Skip to content

Hailandiere Returns to Indiana

Indiana has been blessed with the canonization of Mother Theodore Guerin, however, that recognition brought some national attention to the journey that Mother Theodore took to become Indiana’s first saint. Specifically the relationship between Mother Theodore and then Bishop of Vincennes, Celestine de la Hailandiere.

I’ve written here, numerous times, that all the bad things that are reported to have happened between Mother Theodore, the Sisters of Providence and Bishop Hailandiere did happen. There is no denying that, but modern pundits have put a spin on it which, in my humble opnion, didn’t exist. It seems that everyone looks at the situation as it existed and comes to the conclusion that Hailaindere was this evil sexist individual who wanted nothing more than to destroy Mother Theodore.

My own opinion is that the bishop was simply a control freak, a micromanager. In other words, he may have had a personality disorder. Yet, at the same time, this is the same man who gave up everything and came to America to serve the Church in the Indiana wilderness just like Mother Theodore did. Her perseverence, in the face of opposition, not only from Bishop Hailandiere, but also many others, is part of what made her a true saint. My purpose is to give Bishop Hailandiere some credit for the sacrifices he made and for his love of the Church in Indiana. He may not have been a saint, but he certainly gave much to the cause of the Catholic Church in Indiana.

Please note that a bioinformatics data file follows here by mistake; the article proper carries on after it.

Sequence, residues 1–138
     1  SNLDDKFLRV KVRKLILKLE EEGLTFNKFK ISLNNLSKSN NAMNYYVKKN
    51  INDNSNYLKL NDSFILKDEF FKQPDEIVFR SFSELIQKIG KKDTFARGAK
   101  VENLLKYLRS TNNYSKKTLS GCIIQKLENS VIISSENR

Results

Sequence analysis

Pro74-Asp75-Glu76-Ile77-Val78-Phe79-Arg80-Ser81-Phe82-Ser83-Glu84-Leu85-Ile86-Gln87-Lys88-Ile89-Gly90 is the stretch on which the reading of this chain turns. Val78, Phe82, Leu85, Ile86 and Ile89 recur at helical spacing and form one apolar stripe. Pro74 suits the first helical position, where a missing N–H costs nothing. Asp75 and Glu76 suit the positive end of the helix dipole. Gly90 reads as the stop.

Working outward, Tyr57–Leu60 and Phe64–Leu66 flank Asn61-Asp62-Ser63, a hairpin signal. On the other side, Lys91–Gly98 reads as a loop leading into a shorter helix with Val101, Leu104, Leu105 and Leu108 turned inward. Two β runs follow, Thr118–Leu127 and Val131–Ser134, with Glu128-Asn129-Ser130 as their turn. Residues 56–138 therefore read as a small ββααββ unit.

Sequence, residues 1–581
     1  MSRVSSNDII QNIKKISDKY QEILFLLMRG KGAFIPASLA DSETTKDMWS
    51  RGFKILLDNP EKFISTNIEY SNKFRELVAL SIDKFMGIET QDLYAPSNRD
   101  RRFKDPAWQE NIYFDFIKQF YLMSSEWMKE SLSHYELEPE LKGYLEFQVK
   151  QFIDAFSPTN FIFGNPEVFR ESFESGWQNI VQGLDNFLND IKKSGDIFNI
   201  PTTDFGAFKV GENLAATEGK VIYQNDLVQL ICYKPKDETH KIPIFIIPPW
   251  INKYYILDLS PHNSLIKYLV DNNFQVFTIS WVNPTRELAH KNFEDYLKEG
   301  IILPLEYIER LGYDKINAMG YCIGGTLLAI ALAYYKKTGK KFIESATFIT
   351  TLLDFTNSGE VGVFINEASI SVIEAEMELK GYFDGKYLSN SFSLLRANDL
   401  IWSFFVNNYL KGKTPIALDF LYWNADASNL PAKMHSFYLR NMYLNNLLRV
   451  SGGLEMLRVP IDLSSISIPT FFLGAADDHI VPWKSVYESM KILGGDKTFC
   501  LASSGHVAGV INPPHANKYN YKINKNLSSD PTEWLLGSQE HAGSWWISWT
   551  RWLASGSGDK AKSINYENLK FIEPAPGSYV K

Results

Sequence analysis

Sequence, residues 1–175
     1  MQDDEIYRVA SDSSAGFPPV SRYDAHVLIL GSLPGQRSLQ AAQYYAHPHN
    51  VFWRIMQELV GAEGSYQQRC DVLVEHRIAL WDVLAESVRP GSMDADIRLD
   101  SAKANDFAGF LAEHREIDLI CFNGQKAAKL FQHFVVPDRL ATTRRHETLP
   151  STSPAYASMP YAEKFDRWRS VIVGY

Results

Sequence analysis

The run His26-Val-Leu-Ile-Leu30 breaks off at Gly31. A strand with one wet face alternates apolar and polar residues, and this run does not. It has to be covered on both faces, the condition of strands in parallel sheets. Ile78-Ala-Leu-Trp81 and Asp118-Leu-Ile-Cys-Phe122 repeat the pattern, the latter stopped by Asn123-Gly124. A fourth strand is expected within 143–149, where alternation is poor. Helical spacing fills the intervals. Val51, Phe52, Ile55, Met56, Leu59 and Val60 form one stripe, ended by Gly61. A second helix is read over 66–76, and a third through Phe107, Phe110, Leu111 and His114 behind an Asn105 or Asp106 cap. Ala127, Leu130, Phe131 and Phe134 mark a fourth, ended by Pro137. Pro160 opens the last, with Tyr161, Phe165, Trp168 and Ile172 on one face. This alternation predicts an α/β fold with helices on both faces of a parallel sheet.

Today, November 17th is the date that Hailandiere’s body arrived back in the United States. He had requested that he be buried in Vincennes. His body was sent back here after after a 35 year self imposed exile. He had died on May 1, 1882. His body was brought from France and interred in the Old Cathedral, Vincennes, on November 22, 1882. This wish to be returned to Vincennes, says something, I think, about his character.

The November 17th edition of the New York Times had a small article about the arrival of Hailandiere’s body in New York. His nephew, Rev. Ernest Audran, who was ordained by Bishop Hailandiere, accompanied the body from New York to Vincennes.

In another article from Morning Review, Decatur, IL on Nov 20th, 1882 Bishop Chatard enters the picture, although he was not present at any of the ceremonies honoring Bishop Hailandiere. Politics… politics…


Categories: Uncategorized.

Comment Feed

No Responses (yet)

Some HTML is OK

or, reply to this post via trackback.